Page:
With rising Winter and Spring rains Lake Echo has really hit its mark.
Shane Flude has fished Lake Echo extensively for many years with excellent catches. Here are his tips from Issue 70 Tasmanian Fishing and Boating News.
Lake Echo is a large Hydro Electric storage that is located close to the geographical centre of Tasmania. At full supply level it covers 40 sq. km and is 846 m above sea level. Despite current logging practices the lake is almost completely encircled by eucalypt forests and there are minor marsh areas around the north western bays. Lake Echo existed as a natural lake prior to 1956 when the 18 m high Lake Echo dam was created. At the same time the waters of the Ouse River were dammed and diverted down the newly formed Monpeelyata Canal. Lake Echo is a major water storage for the Derwent scheme and as such the lake level fluctuates greatly, usually by between 2-5 m in a season. The lake last reached full capacity in October 1997 and actually spilled by 20 cm. Since then the level has gradually declined and during the past few years it has hovered around the 8-10 m mark. This year it even dropped further during winter and has only recently risen. The lake traditionally rises to around the end of November so the levels look set to remain low for the remainder of the 07/08 trout season.
Despite being centrally located Lake Echo offers only limited access to those in a 2wd vehicle via the Mentmore Road which travels to the dam at the southern end. There are boat ramps at either end of the dam and a newer ramp has been completed in recent years via a forestry road which leads off the Mentmore Road. This ramp is located a further 3.5 km up the lake and has quickly become the most popular launching area. There is a rough track which leads to a shack and limited camping areas in Teal Bay. In fine conditions a 2wd would just make it in here however if the Lake is below 7 m launching even a small boat is difficult. Other forestry tracks continue on past the Teal Bay turn off and terminate at the edge of private property at Large Bay. They quickly deteriorate into rough 4wd tracks and are sometimes blocked by fallen trees. There are several side roads from the main forestry track which lead down to the lake. If the lake level is below 6 m then launching boats from the north western bays is difficult, the flat marsh areas are deceptively boggy near the waters edge. The entire northern and north eastern shores are privately owned and presently offer no public access.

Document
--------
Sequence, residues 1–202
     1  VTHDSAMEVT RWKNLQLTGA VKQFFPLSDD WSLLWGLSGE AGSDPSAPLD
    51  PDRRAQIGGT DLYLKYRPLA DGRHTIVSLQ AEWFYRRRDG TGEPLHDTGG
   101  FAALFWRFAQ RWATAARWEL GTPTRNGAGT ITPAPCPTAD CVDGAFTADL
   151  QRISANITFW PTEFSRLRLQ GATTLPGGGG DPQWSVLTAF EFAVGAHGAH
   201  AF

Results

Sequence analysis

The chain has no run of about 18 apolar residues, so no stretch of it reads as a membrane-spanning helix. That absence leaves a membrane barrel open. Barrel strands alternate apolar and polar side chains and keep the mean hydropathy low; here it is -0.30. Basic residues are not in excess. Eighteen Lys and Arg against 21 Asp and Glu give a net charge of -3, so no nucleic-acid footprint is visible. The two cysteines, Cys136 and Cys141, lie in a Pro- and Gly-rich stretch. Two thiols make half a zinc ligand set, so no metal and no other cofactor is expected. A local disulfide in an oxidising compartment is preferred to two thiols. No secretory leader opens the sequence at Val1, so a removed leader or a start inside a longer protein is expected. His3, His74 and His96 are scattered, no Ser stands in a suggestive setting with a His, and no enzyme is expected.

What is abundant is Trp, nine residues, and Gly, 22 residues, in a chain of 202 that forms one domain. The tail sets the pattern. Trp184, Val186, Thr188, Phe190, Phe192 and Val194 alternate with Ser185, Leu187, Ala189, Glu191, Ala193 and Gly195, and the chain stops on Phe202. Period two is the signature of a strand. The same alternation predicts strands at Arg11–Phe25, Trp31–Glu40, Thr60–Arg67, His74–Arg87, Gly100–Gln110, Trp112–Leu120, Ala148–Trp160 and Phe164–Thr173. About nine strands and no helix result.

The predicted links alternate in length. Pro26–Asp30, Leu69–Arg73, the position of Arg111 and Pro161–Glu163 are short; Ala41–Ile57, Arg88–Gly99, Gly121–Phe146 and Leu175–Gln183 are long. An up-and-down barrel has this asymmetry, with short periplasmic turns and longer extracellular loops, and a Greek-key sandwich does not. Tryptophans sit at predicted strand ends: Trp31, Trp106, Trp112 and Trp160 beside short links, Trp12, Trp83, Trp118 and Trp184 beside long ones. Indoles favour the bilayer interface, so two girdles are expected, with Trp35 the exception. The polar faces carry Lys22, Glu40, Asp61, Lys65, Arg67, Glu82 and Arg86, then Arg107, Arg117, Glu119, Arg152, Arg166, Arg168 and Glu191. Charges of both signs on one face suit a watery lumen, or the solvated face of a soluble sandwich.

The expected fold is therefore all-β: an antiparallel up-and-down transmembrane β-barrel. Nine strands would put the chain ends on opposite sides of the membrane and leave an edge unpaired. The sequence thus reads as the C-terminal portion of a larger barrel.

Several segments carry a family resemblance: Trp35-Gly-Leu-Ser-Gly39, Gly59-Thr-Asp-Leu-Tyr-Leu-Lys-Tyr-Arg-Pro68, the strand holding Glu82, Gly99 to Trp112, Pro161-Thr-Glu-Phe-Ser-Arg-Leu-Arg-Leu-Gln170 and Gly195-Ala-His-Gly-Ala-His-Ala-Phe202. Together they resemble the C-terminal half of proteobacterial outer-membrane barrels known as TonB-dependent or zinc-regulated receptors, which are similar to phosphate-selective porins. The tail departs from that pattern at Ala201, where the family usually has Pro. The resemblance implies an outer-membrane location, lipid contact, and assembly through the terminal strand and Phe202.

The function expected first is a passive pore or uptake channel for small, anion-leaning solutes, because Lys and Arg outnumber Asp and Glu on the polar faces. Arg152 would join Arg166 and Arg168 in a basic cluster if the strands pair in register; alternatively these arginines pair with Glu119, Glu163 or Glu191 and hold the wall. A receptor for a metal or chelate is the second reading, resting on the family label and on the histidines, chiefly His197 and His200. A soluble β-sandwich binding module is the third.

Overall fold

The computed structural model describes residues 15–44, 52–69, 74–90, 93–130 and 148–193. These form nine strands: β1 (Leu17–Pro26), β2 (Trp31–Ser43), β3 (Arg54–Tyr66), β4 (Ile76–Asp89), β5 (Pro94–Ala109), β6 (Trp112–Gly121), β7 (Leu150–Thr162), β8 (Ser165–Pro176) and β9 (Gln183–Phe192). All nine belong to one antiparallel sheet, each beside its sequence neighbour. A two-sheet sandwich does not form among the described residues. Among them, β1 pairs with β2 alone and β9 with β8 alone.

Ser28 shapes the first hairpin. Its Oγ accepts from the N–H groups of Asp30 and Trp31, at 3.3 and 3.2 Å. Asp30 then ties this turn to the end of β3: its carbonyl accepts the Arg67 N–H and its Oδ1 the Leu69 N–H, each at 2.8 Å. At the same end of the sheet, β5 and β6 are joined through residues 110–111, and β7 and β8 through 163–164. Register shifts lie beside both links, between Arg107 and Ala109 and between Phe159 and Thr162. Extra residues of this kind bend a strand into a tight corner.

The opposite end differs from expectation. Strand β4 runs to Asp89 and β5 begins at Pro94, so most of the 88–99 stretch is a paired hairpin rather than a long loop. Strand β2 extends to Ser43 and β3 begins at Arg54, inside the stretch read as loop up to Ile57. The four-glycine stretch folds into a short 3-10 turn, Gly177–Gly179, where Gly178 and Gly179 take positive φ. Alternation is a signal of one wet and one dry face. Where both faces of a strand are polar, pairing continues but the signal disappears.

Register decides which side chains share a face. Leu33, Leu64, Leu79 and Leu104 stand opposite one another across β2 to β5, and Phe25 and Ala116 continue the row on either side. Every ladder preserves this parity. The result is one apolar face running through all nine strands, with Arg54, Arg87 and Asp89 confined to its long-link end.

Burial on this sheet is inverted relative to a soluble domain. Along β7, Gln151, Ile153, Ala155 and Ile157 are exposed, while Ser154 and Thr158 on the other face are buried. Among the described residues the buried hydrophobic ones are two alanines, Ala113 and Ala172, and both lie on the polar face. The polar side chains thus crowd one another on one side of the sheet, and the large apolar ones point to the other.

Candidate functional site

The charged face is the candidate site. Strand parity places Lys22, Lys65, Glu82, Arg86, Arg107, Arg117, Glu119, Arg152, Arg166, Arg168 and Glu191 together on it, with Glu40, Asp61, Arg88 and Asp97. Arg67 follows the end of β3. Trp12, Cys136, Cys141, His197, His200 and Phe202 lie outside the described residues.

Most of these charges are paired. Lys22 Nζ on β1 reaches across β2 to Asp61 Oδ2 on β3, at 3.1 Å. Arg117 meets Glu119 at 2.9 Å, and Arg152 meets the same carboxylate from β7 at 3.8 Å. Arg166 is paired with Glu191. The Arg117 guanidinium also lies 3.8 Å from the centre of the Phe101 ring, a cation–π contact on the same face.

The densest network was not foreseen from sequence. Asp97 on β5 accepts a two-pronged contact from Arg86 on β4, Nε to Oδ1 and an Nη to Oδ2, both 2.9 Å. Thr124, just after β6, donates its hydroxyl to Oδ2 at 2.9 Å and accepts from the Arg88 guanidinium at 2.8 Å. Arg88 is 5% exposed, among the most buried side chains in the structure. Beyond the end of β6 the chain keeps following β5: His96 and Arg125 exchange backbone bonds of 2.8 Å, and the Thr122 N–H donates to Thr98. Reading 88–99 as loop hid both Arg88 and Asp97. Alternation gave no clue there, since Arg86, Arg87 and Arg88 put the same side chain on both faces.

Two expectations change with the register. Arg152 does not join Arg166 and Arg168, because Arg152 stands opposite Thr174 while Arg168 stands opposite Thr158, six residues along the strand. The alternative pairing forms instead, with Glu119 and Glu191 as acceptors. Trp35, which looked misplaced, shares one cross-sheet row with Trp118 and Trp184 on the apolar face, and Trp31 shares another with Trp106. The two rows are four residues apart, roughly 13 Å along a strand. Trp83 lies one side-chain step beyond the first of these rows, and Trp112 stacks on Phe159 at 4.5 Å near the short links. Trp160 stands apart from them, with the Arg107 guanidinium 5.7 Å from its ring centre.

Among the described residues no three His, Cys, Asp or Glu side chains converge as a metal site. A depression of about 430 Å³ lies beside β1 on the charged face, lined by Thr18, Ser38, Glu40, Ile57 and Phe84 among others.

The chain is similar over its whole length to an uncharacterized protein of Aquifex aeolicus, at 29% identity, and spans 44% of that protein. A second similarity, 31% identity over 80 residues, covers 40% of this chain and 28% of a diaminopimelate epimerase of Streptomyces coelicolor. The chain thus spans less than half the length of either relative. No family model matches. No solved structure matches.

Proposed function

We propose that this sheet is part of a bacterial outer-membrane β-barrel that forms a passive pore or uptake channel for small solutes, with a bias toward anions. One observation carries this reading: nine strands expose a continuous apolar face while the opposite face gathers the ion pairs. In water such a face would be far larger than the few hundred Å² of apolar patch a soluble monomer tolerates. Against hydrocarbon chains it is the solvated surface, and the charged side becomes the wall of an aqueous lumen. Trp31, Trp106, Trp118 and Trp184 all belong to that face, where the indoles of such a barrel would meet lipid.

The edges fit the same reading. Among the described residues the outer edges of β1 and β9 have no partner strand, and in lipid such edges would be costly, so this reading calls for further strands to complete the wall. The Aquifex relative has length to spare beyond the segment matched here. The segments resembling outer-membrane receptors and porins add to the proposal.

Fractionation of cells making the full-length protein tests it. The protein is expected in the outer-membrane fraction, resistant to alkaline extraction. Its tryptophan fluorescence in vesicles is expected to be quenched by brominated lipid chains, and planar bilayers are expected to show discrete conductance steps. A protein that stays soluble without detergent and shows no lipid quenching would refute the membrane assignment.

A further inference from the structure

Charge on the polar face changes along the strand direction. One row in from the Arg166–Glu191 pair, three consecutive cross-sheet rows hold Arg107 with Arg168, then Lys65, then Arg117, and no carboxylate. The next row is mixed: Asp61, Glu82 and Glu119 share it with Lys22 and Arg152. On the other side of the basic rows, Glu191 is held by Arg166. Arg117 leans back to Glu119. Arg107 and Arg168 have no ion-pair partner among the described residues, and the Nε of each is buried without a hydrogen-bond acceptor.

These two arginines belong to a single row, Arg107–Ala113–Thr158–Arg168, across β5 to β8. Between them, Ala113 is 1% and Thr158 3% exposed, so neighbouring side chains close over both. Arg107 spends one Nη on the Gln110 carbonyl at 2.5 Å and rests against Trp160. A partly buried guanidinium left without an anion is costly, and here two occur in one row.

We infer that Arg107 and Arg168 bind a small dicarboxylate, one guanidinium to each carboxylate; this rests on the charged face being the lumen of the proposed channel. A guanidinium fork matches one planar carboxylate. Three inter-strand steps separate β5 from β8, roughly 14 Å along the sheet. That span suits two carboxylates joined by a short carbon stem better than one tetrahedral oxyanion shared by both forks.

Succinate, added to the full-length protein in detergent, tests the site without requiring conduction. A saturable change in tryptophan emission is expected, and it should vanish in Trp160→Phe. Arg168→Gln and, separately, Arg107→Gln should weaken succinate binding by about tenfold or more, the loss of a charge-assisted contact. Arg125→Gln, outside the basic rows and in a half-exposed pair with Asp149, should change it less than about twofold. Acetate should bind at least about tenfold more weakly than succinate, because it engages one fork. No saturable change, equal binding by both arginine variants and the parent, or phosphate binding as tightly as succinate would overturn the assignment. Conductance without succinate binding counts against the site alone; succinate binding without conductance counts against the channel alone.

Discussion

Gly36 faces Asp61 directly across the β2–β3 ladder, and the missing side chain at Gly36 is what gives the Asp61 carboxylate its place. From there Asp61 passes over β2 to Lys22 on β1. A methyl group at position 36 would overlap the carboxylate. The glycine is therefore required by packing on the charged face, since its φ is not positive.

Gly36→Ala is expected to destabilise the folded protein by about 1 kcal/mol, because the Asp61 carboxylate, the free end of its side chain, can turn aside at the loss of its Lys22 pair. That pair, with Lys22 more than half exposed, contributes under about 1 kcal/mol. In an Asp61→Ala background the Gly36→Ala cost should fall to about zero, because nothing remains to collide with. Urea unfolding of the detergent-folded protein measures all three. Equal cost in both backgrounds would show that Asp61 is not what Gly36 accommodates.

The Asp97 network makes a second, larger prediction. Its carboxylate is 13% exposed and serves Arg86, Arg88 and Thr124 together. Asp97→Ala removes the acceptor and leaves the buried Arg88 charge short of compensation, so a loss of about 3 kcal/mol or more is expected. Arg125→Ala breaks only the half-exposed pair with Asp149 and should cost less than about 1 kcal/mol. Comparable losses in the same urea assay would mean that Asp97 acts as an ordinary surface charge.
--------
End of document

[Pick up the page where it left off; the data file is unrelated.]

Lake Echo is managed as a brown trout water and the trout fishing season commences on the Saturday nearest the start of August and concludes on the Sunday nearest the end of April. Bag limit is 12 trout per day, size limit is 220mm and all angling methods are permitted.
Brown trout were stocked into Lake Echo around 1870 and are the most common fish in the lake. Like most lakes the size and condition of fish vary each season but around 750 g would be average. The occasional fish to 3 kg is reported but these fish are rare. The browns in Echo have a self supporting population with the Moonpeelyata Canal providing the major spawning grounds. The lower 2 km seems to offer the best gravel spawning areas however fish can travel about 7 km up the canal until confronted with a steep sloping concrete section which halts their progress. Browns commence their spawning run up the canal in late March if water conditions permit. There are usually fish still present in August. The two creeks that flow into Brocks and Large Bay also provide minor spawning grounds. The condition factor of browns in Echo is usually high and the recent few years of very low levels does not appear to have affected this, if anything for the past two years their condition has been above average.
Rainbow trout were introduced in the 1950s and have maintained a minor self supporting population. These fish have always averaged a larger size than the browns at around 1.3 kg but only ever made up a very small percentage of the catch. The past five years has seen extensive rainbow trout stocking into Lake Echo with over 286 000 fish being placed in the water. This number has included both diploid (fertile) and triploid (sterile) fish in fry, fingerling and yearling sizes. Triploid fingerlings have made up the majority. The small rainbows have grown well with most in excellent condition. They now make up between 20 and 30% of the catch and fight extremely well. Superb condition fish to 1.8 kg were being caught towards the end of last season. It will be interesting to see how this species progresses in future seasons and whether the fertile fish will spawn and complement the numbers.